Announcement (March 06, 2023)

As of March 06th, 2023, direct internet access to the CS Department bastion servers is no longer allowed. If you want to access these bastion servers then you need to be on the Vassar College VPN .

If you want to SSH into a CS Department lab or classroom and you are not on the Vassar network (e.g. CS Dept wired, Vassar wired, Vassar wireless) then you need to “jump” through the remote bastion server, hostname=mote. Logically, what you are trying to achieve is

                                      ssh:443          ssh:22
   your device (Vassar College VPN) ----------> mote ----------> CS workstation

First set up keys on your personal device and install the public key in your CS account in your ~/.ssh/authorized_keys file. Then, when you are logged into a CS Dept system create another set of keys on the CS Dept computer and add that public key to your ~/.ssh/authorized_keys file.

Once you have your keys in place you should be able to SSH to mote and then to any CS lab or classroom workstation using just your SSH keys. But this requires you to manually SSH 2x.

     (your device)$ ssh -p 443 
     (mote)$ ssh workstation

Can we make this easier? Yes we can! You can create a file named “config” under ~/.ssh as ~/.ssh/config with the following information where “username” is the name you enter to login to your Computer Science Department computer account, which is typically the same as your email id. Your username does NOT contain “” it is just your “username” from “”.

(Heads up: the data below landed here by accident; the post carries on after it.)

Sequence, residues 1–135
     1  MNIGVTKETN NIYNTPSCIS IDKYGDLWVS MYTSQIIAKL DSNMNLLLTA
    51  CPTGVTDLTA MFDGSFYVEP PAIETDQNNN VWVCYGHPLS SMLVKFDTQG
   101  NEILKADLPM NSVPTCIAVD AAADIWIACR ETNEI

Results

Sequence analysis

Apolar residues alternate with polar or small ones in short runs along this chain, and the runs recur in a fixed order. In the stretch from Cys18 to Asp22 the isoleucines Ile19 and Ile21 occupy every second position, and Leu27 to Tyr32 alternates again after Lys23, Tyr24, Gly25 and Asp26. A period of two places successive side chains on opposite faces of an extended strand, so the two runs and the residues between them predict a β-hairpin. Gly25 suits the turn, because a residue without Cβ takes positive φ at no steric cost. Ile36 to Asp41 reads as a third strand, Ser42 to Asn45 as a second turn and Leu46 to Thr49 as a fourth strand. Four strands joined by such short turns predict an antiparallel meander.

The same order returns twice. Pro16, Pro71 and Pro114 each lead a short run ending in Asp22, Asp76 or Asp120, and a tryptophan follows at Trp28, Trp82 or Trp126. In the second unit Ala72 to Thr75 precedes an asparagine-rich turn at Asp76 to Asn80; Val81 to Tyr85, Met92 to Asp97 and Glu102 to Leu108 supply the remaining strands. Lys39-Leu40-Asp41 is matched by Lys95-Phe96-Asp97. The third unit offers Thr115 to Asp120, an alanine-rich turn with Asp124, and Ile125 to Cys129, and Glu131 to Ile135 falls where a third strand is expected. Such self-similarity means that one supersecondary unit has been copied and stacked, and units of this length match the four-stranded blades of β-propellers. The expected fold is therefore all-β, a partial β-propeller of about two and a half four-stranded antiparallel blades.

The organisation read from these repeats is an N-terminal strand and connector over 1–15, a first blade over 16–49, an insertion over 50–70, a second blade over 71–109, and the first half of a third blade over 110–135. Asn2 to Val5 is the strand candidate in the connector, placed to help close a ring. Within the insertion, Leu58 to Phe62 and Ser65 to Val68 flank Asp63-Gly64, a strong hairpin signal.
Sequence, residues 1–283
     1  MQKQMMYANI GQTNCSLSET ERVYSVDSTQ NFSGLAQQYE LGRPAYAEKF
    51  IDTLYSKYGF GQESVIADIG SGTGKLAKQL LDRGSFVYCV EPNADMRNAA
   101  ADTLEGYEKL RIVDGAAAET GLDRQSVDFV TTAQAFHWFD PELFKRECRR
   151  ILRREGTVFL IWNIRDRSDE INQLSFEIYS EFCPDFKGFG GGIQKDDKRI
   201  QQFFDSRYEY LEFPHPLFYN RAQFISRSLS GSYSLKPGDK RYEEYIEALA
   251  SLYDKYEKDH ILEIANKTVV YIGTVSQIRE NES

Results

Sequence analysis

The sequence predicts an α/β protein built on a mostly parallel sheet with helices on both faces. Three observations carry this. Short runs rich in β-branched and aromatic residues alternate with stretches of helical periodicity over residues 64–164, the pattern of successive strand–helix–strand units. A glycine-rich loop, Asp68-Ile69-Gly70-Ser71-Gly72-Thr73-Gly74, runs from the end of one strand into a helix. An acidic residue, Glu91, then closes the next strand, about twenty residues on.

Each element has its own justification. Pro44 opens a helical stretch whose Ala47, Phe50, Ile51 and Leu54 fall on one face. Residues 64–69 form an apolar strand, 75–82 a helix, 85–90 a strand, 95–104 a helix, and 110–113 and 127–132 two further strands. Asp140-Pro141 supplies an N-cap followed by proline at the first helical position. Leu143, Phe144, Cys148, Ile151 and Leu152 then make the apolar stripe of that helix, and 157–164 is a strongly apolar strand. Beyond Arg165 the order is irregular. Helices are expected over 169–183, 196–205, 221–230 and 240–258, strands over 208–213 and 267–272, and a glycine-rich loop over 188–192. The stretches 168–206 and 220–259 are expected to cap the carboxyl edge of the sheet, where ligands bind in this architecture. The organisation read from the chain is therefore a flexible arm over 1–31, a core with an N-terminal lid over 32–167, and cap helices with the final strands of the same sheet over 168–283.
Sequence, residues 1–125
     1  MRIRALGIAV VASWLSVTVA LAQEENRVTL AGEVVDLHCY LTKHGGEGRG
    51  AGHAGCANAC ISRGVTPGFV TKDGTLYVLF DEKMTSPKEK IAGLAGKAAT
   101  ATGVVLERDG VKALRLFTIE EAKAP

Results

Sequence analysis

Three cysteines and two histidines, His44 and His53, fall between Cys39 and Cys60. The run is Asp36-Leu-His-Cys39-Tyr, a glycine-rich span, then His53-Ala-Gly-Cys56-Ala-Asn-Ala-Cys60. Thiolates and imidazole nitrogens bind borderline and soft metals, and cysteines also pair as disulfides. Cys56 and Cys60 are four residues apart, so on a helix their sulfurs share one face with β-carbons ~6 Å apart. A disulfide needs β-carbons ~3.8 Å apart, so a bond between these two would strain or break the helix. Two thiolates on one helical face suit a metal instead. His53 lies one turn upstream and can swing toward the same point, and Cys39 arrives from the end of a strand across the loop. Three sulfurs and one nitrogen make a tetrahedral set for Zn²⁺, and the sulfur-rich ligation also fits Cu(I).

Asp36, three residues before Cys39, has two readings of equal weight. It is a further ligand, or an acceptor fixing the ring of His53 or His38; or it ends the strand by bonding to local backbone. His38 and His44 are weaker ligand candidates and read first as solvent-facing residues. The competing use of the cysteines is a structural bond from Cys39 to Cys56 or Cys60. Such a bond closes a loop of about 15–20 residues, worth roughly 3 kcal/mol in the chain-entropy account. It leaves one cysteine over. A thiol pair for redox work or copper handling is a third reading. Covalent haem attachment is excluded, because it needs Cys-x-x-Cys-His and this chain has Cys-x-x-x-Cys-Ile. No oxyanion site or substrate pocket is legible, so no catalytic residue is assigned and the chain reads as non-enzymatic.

(your device)$ cat  ~/.ssh/config
     ### The Bastion Hosts
     Host mote
       User username
       Port 443
     ### The Remote Host
     Host workstation
       User username
       ProxyJump mote

So now when you

       (your device) $ ssh workstation
       (workstation) $

from your device, the config file will be consulted and it will SSH into hostname=mote as a proxy and then SSH into the target device hostname=workstation using your SSH keys.


NOTE: If you are using MS Windows then you can alternative use OpenSSH from the command line. There is the notion of a config file for SSH under MS Windows. In Windows, the OpenSSH Client (ssh) reads configuration data from a configuration file in the following order: 1. By launching ssh.exe with the -F parameter, specifying a path to a configuration file and an entry name from that file. 2. A user's configuration file at %userprofile%\.ssh\config.